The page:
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Echo in Voice over IP Networks

In this note we outline the main reasons for the need to deploy echo cancellers in VoIP networks (or hybrid networks where the IP network provides connectivity) and we contrast it with TDM networks (such as PSTN) where the need for echo cancellers is primarily limited to long-haul networks. While in both situations the energy of the reflected signals may be very similar, (note that the actual reflected energy depends on the ERL value at the given end of the network connection, which, in turn depends on the degree of balancing of the respective hybrid circuit as well as on whether the acoustic echo component is large or not), the round trip delays are, generally speaking, quite different, primarily due to packet delays in VoIP networks and other delays (for example jitter buffer delays).

echo path delay for different communications path

Figure 1: Echo path delay can differ widely for end-to-end connections using IP network and PSTN communication paths

In the case of TDM networks, the primary delay is “electrical” delay, which becomes significant only for long-haul network connections. In the case of local and regional calls the round trip delays are relatively small. The term “relative” specifically refers to the human perception of reflected signals.  ITU-T G.131, Ref. [1] states that for typical lines (meaning lines with typical ERL values) the round-trip delay of 20 ms is a threshold value, below which, the signal reflection is not perceived as an echo. Of course, if reflected energy is unusually large, then an audibly adverse effect of reflected signal will occur even for smaller delays. The same referenced document also says that “… in cases where the reflected voice signal has a delay close to zero it is referred to as sidetone, … ‘’.  If in a particular case the unusually high energy of the sidetone is audibly detrimental, then the control of that can be achieved using much simpler means than through echo cancellation. Figure 2 summarizes, in approximate fashion, regions of acceptable echo and objectionable echo versus one-way transmission delay, for different ERL values. (A similar figure is available for TERL values, Ref.[1])


Figure 2 Talker Echo Tolerance: regions of acceptable echo and objectionable echo versus one-way transmission delay

Let’s now examine round trip delay between end subscribers connected (a) by connection within PSTN and (b) by connection over VoIP network and PSTN. These two scenarios are depicted in Figure 1 which shows end-to-end connections using different communication paths. The echo path delay as seen from Point # 1 (phone # 1) towards the far end (phone # 2) is only affected by ‘electrical’ delay. The echo path delay as seen from Point # 3 (phone # 2) towards Point # 1 (phone # 1) is much longer due to packet delays in the IP Network.

In the case (b) (i.e., voice connection between phone # 1 and phone # 2, as per Figure 1) over a hypothetical intra-state telephone connection (the equivalent one-way distance of, say, 200 miles) is affected by 2ms round trip delay.  Typical dispersion time of the echo path of the hybrid circuit alone is 3 ms. Thus, the total echo path delay for that call is approximately 5 ms (cf. Figures 2 and 3). Therefore, this connection (and similar ones) does not have to go through an echo canceller.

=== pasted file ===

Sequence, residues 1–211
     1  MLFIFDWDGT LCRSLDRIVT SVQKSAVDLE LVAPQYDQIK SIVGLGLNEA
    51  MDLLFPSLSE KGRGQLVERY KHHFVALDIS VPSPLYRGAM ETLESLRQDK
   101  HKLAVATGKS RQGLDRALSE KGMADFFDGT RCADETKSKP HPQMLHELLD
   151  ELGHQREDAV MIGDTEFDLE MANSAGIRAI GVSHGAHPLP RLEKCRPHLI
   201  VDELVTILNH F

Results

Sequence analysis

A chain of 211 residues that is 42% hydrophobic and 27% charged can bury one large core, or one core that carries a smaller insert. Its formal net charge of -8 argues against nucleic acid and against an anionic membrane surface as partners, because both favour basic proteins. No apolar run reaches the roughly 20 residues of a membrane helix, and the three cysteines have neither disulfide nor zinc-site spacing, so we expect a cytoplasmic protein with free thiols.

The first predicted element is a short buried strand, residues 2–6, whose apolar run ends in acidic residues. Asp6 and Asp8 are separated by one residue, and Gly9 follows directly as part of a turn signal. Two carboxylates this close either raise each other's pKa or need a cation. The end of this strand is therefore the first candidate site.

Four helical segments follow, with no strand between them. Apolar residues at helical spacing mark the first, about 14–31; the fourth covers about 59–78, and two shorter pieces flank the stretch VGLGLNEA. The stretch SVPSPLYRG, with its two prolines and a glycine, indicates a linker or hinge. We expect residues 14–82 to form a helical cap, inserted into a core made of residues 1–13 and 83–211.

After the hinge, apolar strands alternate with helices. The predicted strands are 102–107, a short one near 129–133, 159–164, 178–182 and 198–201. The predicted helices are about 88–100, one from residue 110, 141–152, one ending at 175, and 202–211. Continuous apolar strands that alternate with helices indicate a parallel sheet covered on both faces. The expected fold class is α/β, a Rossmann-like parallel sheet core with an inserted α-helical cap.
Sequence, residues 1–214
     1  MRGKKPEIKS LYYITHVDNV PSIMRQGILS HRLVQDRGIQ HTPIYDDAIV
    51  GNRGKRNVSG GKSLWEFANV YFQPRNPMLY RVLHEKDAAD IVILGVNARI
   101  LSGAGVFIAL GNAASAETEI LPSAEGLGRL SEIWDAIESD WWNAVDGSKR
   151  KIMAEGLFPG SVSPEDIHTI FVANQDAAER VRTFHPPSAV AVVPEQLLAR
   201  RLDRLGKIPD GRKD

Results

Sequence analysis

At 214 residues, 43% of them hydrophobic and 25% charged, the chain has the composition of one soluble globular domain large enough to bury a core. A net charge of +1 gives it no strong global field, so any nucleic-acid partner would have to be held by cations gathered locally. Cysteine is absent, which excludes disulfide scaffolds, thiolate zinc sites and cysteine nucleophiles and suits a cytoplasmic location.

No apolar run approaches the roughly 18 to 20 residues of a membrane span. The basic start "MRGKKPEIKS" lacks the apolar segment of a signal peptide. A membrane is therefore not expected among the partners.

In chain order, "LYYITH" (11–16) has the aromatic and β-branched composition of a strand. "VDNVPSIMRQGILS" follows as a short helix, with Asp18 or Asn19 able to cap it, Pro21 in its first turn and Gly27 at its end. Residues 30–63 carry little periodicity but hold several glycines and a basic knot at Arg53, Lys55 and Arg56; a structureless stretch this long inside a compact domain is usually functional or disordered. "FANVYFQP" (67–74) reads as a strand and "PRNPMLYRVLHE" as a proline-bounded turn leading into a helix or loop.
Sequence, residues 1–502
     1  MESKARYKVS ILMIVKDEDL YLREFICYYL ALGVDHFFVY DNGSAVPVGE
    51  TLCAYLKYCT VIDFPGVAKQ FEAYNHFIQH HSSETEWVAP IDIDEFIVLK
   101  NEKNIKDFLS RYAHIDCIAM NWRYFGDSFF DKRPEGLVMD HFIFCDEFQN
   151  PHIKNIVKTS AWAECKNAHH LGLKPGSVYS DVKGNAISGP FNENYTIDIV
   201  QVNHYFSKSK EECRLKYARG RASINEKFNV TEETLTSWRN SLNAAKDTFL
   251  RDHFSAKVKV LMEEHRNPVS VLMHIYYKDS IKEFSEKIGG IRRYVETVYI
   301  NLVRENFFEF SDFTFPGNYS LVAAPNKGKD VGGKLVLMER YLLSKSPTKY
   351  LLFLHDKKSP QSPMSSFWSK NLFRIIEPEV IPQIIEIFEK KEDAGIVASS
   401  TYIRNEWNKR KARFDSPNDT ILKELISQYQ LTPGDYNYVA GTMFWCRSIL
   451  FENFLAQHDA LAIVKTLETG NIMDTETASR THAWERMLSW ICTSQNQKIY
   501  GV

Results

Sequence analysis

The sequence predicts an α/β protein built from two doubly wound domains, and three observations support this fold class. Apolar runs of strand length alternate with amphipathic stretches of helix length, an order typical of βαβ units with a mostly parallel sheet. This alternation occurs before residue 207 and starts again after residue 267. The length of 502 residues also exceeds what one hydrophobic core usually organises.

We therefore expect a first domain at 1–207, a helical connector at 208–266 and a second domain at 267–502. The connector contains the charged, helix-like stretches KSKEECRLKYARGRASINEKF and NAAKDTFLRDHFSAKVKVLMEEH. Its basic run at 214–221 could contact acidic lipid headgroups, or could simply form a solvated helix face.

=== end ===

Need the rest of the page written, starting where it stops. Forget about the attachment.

Round trip delays in TDM and VoIP networks

Figure 3: Analysis of round-trip delays: (a) case of TDM (PSTN); (b) TDM and VoIP network combined.

In the case (b) (i.e., a local voice connection between phone # 1 and phone # 3, as per Figure 1), the “electrical” delay is negligible. However, packet delays, typically being around 80ms (one way) and, in extreme cases, they may be as long as 200 ms, the typical round trip delay exceeds 160 ms thus even for well-balanced hybrid circuits (i.e,. when ERL values are greater than 24 dB) the echo will be heard, if no echo canceller is included in the voice channel. Therefore, every voice channel over the IP network has to include an echo canceller.

Note that the echo cancellers deployed in the VoIP networks do not have to estimate the entire round trip delay (cf. Figure 3 (b)). Typically echo cancellers are deployed closely to the network access points; therefore, they require echo path coverage such that that it will cover the entire dispersion of the “local” echo path. In the case of a line echo canceller, the echo path coverage for typical connections does not have to be greater than 16 ms, although a “safer” solution is if the echo path coverage exceeds 24 ms (cf. Ref. [2]). However, if the voice terminal is also used in the hands free mode, then acoustic echo becomes a significant part of the combined echo path. Then the requirements regarding the echo path coverage are more stringent.

VOCAL’s VoIP Software modules are part of our VoIP Reference Design and provide secure, real-time unified communications for voice, video, radio and data over the Internet or any other IP network. Echo cancellation solutions are typically included in the software modules. Contact us to discuss your VoIP application requirements with our engineering staff.

More Information


  1. ITU-T G.131, Talker Echo and Its Control (11/2003)
  2. ITU-T G.168-2012, Network Echo Canceller (02/2012)
  3. Acoustic Echo Canceller
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